Margaret Thatcher’s signal contribution to Britain’s well being during her 11 years as Prime Minister was to implement institutional changes favorable to capitalism and unfavorable to socialism. This contribution is ignored, for the most part, by Phyllida Lloyd in The Iron Lady. The oversight cannot be an accident. It reflects unbecoming prejudice from the movie Director and her accomplices. The actors and actresses, of course, cannot be held responsible for this misdirection of the movie.
The principal symptom of the British Disease inherited by Margaret Thatcher in 1979 when she entered high office was stagflation: a condition characterized by an abysmally low rate of economic growth, high and rising unemployment and a high and rising rate of price inflation.
The twin political causes of stagflation were the co-existence of an excessively large public sector and of an excessively powerful trade union movement. Both conditions were grounded on a 76-year immunity for the British trade union movement from any application of the rule of law.
Legislation enacted in 1871 and in 1875 had responded to the emergence of trade unions in Britain by reining them in under the rule of law. The legislation rendered union activities unequivocally vulnerable to the criminal law, to contract law, and to tort law. Participants in a strike would be held liable under contract law for inducing contract breaches and under tort for conspiracy. In 1901, in Taff Vale Railway Company versus The Amalgamated Society of Railway Servants, the House of Lords confirmed that trade unions themselves would not be immune from civil or criminal suits for damages.
The trade unions responded to this judicial decision by rallying their members to join the newly-formed Labour Party. In 1906, a panicking Liberal Party government enacted the Trade Disputes Act which provided unions with complete immunity from tort liability, from contract breach liability, and from antitrust liability ‘so long as the alleged acts are taken in contemplation or furtherance of a trade dispute.’ No other organisation in Britain was accorded such immunities.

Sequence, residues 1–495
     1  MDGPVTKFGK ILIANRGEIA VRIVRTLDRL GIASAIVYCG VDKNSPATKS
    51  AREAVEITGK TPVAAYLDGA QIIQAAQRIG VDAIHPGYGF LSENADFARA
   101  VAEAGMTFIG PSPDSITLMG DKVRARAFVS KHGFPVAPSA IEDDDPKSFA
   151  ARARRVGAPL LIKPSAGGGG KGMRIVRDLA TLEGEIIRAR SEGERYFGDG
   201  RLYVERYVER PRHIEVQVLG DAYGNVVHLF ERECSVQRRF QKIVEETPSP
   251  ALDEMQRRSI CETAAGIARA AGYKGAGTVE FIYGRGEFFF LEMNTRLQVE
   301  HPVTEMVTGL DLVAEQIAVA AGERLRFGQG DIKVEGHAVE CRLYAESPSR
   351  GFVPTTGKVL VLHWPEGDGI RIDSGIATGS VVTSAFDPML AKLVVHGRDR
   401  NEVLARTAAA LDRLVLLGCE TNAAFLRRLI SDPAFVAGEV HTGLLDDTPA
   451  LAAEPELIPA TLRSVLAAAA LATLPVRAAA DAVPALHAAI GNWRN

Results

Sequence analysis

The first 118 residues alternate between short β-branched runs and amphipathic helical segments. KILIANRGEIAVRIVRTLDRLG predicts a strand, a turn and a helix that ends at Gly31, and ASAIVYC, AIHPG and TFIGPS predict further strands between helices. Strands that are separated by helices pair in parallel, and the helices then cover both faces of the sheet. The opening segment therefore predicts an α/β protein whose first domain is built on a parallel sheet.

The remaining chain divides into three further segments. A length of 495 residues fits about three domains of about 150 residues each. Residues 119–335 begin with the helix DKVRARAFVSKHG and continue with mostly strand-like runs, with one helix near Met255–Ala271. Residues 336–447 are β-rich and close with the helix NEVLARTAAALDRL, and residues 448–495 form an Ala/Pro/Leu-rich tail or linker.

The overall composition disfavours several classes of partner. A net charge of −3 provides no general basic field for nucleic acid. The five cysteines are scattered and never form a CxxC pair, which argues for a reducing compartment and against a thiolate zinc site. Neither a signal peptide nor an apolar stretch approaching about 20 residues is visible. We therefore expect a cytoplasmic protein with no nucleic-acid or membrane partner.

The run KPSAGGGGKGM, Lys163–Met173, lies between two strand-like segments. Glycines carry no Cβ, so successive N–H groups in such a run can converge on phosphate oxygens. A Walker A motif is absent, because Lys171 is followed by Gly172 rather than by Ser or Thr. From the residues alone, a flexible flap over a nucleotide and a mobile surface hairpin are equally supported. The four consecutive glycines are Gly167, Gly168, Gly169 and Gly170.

The unions were not immunized, of course, from market forces. If they disrupted trade and/or forced excessively high wages, their employers would lose market ground and, ultimately, might be pressured into liquidation. Some union leaders, undeterred by such market realities, traded loss of membership against the higher wages of those who remained. Since only the workers who remained would vote, the leaders thereby enhanced their own grip over the union organizations, essentially inverting the principal-agent relationship so that they, the leaders, became principals and the workers became their not-always willing agents.
Following World War II, with the massive expansion of the public sector, the market constraint on union activities was significantly lifted. Public sector unions, most especially, pressured vote-conscious governments, via the threat or exercise of union disruption, to channel ever increasing subsidies from taxpayers to loss-making industries. These industries increasingly were crippled by unproductive work rules and excessive union wages. In 1974, the unions brought down a weak Conservative government, following a sequence of political strikes that degraded Britain to a humiliating and wealth-crippling three-day working week.
In the 1979 winter of discontent, the unions finally and ruthlessly turned on their own political party, humiliating Labour Prime Minister James Callaghan into ‘prostrating’ his government uselessly before them. Margaret Thatcher’s pro-capitalist government would prove to be the effective voter payback for this ultimate manifestation of trade union arrogance and extreme misbehavior, predicated on its immunity from legal redress.
For Margaret Thatcher to return British institutions to the rule of law, and to promote once again individual liberty, private property rights and limited government, against this appalling inheritance inevitably would be a gargantuan task. It would be achievable only under great leadership and firm resolve.
Margaret Thatcher proved well worthy of this task, as tomorrow’s concluding column will clearly show, and as Phyllida Lloyd’s movie equally clearly does not.